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SCN Coalition Launches to Beat No. 1 Soybean Yield Robber

Research shows nematodes are becoming resistant to the resistance.

The No. 1 yield-robbing soybean pest for U.S. farmers has a new target on its back. Analysis of soybean variety trials conducted by Iowa State University (ISU) shows conclusively that soybean cyst nematode (SCN) is adapting and reproducing on the PI 88788 resistance source – used in more than 95% of resistant soybean varieties – and yields are decreasing.

Reversing this trend requires a comprehensive SCN management plan. The SCN Coalition has stepped in to fill those shoes after a 20-year hiatus.

“The nematode has found ways to overcome the resistance and become aggressive,” says George Bird, Michigan State University nematologist.

The coalition’s message is to “Take the test. Beat the pest.” Like the predecessor, the new SCN Coalition is a public/checkoff/private partnership formed to help the agricultural industry speak with one voice about soybean cyst nematode management.

“Twenty years ago, most soybean growers had never tested their fields for SCN,” says Greg Tylka, nematologist at ISU and veteran of the first SCN Coalition. “So we encouraged growers to test, and if they had it, to plant a variety that’s resistant to SCN.”

The previous coalition ended because it accomplished the mission of raising awareness. “We did a great job,” says Tylka. “We educated farmers about the threat. Then funding was shifted to the plant breeding.”

And over time, profitability of the breeding line PI 88788 beat out the rest of the resistant variety lines. But nematodes became resistant to the resistance.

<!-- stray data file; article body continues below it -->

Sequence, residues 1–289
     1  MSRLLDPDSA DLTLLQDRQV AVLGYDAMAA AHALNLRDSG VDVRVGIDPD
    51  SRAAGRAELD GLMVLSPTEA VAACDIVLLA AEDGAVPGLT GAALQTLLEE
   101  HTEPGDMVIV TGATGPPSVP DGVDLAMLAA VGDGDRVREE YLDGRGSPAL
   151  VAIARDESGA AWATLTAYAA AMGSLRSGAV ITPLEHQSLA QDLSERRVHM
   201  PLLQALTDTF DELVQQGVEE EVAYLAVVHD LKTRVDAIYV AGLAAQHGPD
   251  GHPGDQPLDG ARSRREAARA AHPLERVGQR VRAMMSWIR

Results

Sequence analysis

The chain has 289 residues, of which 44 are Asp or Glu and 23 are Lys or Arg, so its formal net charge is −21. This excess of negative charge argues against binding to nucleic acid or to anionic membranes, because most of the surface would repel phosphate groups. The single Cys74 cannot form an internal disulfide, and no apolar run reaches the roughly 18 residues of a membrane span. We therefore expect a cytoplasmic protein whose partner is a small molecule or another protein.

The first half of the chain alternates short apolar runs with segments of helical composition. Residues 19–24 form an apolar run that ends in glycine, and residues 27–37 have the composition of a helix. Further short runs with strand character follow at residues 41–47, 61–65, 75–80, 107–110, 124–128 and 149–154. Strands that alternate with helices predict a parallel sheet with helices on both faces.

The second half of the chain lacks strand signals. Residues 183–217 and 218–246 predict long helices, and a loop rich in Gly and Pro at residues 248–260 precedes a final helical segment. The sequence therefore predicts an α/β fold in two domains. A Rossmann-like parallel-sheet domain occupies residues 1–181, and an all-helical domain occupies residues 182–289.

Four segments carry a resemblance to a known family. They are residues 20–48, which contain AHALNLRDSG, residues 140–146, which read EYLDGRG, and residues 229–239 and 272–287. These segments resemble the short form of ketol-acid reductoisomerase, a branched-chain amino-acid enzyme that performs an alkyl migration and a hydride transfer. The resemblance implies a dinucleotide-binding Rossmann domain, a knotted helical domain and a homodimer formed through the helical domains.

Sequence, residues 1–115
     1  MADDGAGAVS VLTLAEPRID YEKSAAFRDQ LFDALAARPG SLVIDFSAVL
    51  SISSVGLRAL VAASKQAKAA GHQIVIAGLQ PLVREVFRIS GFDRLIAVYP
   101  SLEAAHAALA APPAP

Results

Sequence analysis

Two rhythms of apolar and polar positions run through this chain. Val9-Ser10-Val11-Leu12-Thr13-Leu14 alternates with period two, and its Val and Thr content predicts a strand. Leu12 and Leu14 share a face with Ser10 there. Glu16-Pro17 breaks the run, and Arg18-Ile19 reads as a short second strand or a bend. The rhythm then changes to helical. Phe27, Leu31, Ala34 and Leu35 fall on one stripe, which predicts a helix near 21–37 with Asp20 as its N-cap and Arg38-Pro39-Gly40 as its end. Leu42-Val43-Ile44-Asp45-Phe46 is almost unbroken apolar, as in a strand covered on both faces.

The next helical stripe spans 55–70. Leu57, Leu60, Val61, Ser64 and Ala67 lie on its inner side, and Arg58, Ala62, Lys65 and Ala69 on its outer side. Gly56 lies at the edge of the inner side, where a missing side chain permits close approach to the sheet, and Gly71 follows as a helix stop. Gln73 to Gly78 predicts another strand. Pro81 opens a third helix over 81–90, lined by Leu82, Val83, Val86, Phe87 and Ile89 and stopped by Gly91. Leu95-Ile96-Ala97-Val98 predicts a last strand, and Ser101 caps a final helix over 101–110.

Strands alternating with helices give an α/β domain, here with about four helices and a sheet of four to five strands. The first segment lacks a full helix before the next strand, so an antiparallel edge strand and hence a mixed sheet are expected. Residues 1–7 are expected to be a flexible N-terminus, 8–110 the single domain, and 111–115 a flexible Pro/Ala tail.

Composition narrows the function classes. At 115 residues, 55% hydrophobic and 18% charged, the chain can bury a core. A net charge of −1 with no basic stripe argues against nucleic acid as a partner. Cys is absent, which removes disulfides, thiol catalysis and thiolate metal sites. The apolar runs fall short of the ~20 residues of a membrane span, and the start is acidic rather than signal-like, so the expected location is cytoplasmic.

SCN Reproduction

The difference this time: SCN is adapting and reproducing on SCN-resistant soybean varieties – and yields are decreasing. Managing SCN is becoming more complicated than planting a resistant variety, explains Bird. 

Data from 25 years of ISU variety trial experiments shows that as SCN reproduction increases on PI 88788, yields of resistant soybean varieties decrease by as much as 14 bushels per acre. One of the problems is that SCN can cause yield loss without the soybean plants showing visible symptoms.

SCN Yield

Coalition leaders believe Iowa is representative of what’s happening through most of the soybean-producing areas of the Midwest, where 70% of soybeans are grown. That’s why the SCN Coalition is back, warning growers about increasingly aggressive SCN populations and encouraging them to actively manage SCN.

Because each grower’s SCN numbers, situation, and available management options will be unique, the SCN Coalition recommends that soybean farmers work with their advisers and develop a plan to actively manage SCN. The coalition recommends:

  • Test your fields to know your numbers. “You’ll need those numbers to understand the severity of the problem,” Tylka continues. “The higher your numbers, the greater your chances of yield loss, and the higher that yield loss will likely be.”
  • Rotate resistant varieties. While PI 88788 is the main source of resistance used today, other sources of resistance are available, explains Bird.
  • Rotate to nonhost crops. While a corn and soybean rotation is the most dominant rotation in the Midwest, if you can increase your rotation to three years of no soybeans, you’re going to decrease your SCN risk, says Bird.
  • Consider a seed treatment nematicide.

“It’s important for farmers to understand that they’re never going to get rid of soybean cyst nematode once they find it in their fields,” says Tylka. “But it’s not a death sentence. It’s similar to finding out you have high blood pressure – you learn to manage it as a chronic health problem.”

By turning up the volume on SCN resistance management, the goal is to increase soybean farmers’ profit potential and realize higher yields. The coalition relaunched after 20 years thanks to a partnership of industry, says Bird.

SCN Varieties

Funding for the SCN Coalition came from North Central Soybean Research Program (NCSRP), the United Soybean Board, and in-kind support from coalition partners. Partners currently include university scientists from 27 states and Ontario; NCSRP, USB, and several state soybean promotion boards; corporate partners BASF, Bayer, Growmark, Monsanto, DuPont Pioneer, Syngenta, and Winfield United.

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